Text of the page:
A trip through Mississippi Hill Country can be a bit stark, accompanied by the drone of angry mosquitoes pursuing you over the terrain. But if your guide has skills filtered down through family that can navigate the territory, it can be a melodic, uplifting experience.
Cedric Burnside’s grandfather, R.L. Burnside, was instrumental in bringing the music of the region down to flatlanders, unleashing an endless boogie syndrome that gets inside your head and doesn’t want to leave.
Enthralled by the music, a 13-year-old Cedric joined his grandfather on the road as drummer in his band. Nearly three decades later, Cedric has taken those lessons he learned on the road and created his own music through a lens that offers a wider spectrum of influences to ooze in. The roots are still intact, but with funk soul and tinges of gospel clinging to them as well.
The title cut of his new album, I Be Trying, is as much a prayer as a statement, a churchy-flavored plea to whoever’s out there to acknowledge that he’s working hard on himself, tryin’ to be a whole new man. He retains the North Mississippi drone, sweetened by the addition of daughter Portrika’s vocals, but pretties it up a bit with flecks of gospel from the guitar he plays on all the cuts in addition to drumming on most of them.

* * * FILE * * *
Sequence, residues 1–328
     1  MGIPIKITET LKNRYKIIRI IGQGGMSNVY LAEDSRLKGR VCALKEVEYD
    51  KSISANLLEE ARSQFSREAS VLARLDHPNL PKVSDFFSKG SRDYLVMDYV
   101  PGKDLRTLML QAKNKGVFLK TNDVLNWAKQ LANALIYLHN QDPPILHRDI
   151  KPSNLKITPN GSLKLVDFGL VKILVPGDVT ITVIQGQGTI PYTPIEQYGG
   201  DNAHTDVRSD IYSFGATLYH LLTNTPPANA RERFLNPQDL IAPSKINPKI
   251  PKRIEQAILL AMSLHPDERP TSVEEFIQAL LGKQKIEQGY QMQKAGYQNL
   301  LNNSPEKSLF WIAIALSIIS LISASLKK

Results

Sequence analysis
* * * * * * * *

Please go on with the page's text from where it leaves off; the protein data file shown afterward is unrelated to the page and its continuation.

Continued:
“The World Can Be So Cold” is a tour through Hill Country seen though Burnside’s eyes, a rendering of a landscape prettier than seen by most observers, and more soulful. Burnside used Al Green’s famed “Mic #9” on the cut for an extra soul injection while recording at Royal Studios in Memphis, where Green cut many of his soul classics on Hi Records in the ’70s.
Burnside saves his biggest helping of soul for the closer, “Love You Forever,” an uphill falsetto excursion professing his permanence and availability for his beloved — it’s as soulful as a Green emanation, just taken a bit further up the hill.
In between, Burnside serves as a tour guide for an uphill, flora-strewn backcountry journey on “Pretty Flowers,” a homage to his current honey who’s the star of his garden, vowing to keep on with his horticultural effort to sustain her beauty.
But Hill Country is not all flowers and sweetness. He shows the sinister side of the hills on a cover of Junior Kimbrough’s “Keep Your Hands Off Her.” Re-titled “Hands Off That Girl,” Burnside leaves no doubt, in tone or lyrically, about the consequences of messing with a bespoke loved one who walks and talks good.
A cover of granddaddy R.L.’s “Bird Without a Feather” creeps around like a grounded, plucked fowl, the grandson relating his granddaddy’s take on the fate of a man who loved too much, shooting his former beloved ’cause she done him wrong and now his home ain’t where it used to be, he laments from the confines of his graybar hotel.
Cedric Burnside is following the family tradition, plodding uphill with a tenacity and dedication that’s a match for the rough terrain, planting new crops as he goes without disturbing the original roots.